A 19-Year-Old Bug in WinRAR


Popular Windows archive tool is vulnerable to attack.

WinRAR is one of the most popular archive manager software in the Windows world -- a Swiss knife that handles compression and extraction of multiple archive formats, including RAR and ZIP.

According to HackerNews, there are more than 500 million WinRAR users in the world, and all these users are now at risk of compromise. A 19-year-old bug was discovered in WinRAR that allows hackers to execute arbitrary code on a targeted system. The bug called "Absolute Path Traversal" bug (CVE-2018-20250) is found in a UNACEV2.DLL, a third-party library. It allows attackers to extract a compressed executable file from the ACE archive, which automatically runs in the Windows machine upon reboot.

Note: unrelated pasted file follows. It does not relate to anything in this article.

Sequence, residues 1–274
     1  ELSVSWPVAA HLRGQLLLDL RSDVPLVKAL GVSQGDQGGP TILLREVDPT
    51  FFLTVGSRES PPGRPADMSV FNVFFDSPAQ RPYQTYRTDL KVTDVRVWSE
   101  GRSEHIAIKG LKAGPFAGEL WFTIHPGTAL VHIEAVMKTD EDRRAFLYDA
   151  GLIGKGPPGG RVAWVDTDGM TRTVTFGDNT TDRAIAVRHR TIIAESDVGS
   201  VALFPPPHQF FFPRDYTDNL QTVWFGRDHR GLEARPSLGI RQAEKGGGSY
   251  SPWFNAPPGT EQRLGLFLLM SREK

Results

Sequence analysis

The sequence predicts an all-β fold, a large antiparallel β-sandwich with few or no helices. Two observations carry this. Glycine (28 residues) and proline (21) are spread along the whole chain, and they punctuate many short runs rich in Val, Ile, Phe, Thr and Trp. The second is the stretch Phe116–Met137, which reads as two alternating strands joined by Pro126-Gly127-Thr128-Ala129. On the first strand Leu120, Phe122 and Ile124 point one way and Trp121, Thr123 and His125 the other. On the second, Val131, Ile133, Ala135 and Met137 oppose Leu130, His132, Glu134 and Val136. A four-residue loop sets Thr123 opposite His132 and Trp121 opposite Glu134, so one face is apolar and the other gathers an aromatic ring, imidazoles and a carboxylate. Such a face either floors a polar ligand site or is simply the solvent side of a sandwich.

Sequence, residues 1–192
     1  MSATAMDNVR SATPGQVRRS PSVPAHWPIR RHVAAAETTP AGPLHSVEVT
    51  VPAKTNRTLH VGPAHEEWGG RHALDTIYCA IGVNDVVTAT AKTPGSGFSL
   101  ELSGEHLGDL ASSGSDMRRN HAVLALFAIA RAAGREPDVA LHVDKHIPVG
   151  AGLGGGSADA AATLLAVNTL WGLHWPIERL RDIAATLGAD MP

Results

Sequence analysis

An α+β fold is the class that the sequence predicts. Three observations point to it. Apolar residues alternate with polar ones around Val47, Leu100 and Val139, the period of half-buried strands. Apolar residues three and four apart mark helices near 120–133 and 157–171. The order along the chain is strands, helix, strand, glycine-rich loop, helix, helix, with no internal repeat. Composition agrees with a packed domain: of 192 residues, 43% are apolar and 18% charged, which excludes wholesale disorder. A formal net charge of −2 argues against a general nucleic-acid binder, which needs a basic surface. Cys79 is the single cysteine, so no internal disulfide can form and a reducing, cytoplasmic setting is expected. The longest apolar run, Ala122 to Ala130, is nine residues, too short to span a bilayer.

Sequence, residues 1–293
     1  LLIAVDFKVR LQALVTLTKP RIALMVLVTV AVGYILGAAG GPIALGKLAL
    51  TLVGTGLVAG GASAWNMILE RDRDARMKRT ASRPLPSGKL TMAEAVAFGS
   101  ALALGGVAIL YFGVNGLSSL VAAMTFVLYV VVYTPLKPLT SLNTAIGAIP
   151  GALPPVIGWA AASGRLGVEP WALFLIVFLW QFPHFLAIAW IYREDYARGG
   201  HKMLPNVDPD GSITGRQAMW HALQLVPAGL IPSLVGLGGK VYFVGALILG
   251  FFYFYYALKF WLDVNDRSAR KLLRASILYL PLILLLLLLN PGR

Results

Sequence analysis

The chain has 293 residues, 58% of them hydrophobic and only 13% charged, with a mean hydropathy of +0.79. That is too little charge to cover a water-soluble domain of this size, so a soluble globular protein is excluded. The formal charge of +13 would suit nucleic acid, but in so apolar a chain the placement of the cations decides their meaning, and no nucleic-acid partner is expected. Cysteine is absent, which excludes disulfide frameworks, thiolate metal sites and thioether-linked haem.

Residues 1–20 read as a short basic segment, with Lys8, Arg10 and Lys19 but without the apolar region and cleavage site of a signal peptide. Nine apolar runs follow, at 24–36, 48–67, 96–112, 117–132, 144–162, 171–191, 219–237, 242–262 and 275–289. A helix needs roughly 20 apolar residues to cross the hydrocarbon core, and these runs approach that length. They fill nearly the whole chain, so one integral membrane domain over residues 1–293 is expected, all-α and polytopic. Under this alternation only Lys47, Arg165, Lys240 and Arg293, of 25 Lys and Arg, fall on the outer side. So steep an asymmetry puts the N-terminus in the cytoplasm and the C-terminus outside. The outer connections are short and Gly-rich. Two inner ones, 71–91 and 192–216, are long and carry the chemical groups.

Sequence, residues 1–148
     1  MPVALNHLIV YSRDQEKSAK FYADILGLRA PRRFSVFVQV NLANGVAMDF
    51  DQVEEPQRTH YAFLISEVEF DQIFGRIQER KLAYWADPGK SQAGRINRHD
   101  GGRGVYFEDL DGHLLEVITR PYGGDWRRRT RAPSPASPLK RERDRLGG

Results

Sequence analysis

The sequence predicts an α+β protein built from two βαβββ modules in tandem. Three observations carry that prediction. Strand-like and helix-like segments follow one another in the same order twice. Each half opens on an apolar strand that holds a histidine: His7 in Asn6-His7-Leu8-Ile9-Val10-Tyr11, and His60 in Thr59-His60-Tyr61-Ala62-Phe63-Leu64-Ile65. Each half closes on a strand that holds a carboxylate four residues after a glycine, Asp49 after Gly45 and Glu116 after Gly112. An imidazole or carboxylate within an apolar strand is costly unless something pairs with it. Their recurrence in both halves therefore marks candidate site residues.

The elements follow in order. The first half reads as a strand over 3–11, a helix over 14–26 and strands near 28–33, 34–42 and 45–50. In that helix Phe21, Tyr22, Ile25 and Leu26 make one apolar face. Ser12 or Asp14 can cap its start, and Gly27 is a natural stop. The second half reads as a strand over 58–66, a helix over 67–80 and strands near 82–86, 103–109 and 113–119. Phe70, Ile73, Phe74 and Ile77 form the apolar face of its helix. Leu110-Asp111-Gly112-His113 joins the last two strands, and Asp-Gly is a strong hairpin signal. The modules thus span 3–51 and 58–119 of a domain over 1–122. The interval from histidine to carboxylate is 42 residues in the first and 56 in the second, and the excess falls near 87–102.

A proof of concept exploit code has already been published, and hackers are already using it to attack Windows users. WinRAR has already released an update, which Windows users should  install immediately.

HackerNews reported that the WinRAR team had lost the access to the source code for the vulnerable UNACEV2.DLL library in 2005; instead of fixing the issue, the team released WINRar version 5.70 beta 1, which doesn't support the DLL and ACE format. This fix addressed the bug, but at the same time it removed all ACE support from WinRAR.

The discovery of the WinRAR bug underscores an important rule that all users should apply to their everyday life: don’t click on any files that you don’t know.


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